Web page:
- Created by: babyblue18459
- Created on: 26-01-20 14:49
What is compartmentalisation?
- Plasma membranes are a barrier to most substances
- This allows materials to be concentrated inside cells, exlcuded from cells or simply separated from the environment.
- This is compartmentalisation and it is essential for life. It enables reactions to take place that would otherwise be impossible. Eukaryotic cells also compartmentalise materials inside organelles.
What is the definition of osmosis?
Osmosis is the diffusion of free-moving water molecules from an area of high water potenial to an area of low water potential through a partially permeable membrane
Water potenial is measured in kPa. Pure water is 0kPa. The cell cytoplasm has dissolved sugars and salts, so the water potential is more negative. A solution with a high water potential has a *large number of free-moving water molecules. Represented by Greek letter psi. /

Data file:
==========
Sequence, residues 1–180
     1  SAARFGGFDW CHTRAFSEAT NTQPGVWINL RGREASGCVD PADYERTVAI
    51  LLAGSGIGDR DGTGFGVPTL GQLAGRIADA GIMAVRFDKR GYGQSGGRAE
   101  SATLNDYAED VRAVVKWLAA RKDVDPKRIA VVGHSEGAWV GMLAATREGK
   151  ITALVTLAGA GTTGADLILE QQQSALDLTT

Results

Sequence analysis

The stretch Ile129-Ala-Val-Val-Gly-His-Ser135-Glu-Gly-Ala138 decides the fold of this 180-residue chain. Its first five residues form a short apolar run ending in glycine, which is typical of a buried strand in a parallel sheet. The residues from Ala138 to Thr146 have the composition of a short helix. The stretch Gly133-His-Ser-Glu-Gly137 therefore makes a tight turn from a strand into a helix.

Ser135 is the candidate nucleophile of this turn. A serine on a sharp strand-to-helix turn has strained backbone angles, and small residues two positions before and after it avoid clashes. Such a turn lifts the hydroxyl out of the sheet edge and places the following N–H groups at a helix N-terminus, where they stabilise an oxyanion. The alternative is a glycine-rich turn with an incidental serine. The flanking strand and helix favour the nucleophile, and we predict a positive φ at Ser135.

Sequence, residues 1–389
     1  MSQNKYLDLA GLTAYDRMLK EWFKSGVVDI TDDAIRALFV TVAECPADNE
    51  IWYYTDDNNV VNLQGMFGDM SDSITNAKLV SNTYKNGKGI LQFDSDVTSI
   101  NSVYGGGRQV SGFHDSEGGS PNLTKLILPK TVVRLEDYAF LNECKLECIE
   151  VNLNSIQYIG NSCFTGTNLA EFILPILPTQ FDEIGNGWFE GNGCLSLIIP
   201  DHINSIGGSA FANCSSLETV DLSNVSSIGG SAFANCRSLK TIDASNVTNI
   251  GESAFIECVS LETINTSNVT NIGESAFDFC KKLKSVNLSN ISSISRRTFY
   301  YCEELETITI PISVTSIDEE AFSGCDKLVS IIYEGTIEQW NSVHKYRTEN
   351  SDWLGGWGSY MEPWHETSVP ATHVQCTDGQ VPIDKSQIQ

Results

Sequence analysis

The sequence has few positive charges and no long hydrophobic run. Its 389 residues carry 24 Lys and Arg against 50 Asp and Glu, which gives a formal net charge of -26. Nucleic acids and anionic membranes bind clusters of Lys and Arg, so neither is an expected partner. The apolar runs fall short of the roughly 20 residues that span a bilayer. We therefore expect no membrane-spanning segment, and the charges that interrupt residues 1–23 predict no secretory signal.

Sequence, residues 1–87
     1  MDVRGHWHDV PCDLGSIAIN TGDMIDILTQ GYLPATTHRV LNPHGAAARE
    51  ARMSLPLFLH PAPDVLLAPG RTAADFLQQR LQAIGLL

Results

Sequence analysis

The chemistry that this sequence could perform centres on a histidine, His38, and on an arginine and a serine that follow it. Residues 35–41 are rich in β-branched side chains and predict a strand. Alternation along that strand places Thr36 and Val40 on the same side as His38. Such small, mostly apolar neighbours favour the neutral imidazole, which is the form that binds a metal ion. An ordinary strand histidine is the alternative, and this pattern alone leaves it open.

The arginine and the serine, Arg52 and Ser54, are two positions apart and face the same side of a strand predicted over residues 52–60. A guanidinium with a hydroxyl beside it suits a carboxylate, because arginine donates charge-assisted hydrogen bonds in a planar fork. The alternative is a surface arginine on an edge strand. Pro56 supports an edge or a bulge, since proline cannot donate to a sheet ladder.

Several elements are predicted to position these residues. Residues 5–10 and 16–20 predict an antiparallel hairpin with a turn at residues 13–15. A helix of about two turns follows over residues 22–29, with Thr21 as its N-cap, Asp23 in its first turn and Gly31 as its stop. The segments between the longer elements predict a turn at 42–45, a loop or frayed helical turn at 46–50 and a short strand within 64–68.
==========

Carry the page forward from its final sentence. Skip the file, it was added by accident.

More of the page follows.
Hypotonic and Hypertonic solutions
- Hypotonic: one of two solutions with more water and less solute (more positive water potential). Cells in this solution will expand, as there is high WP outside cell.
- Hypertonic: one of two solutions with more solute and less water (more negative water potential). Cells in this solution will shrink as there is lower WP outside cell.
- Isotonic: one of two solutions with the same water potential and same amount of solute.
How can osmosis damage cells?
- Crentation: too much water leaving the cell, damaging and shrinking them
- Haemolysis: too much water entering the cell, so it bursts
- Plasmolysis: too much water leaving cell, damaging and shrinking them
- Flaccid: Normal, in isotonic solution
- Turgid: too much water entering the cell, so it bursts
What happens to cells in different solutions?
- Hypotonic solution: Haemolysed; moves from high WP to low; free moving water molecules move from the solution into the cell
- Hypertonic solution: Crenated; High WP to low; free moving water molecules move from the cell into the solution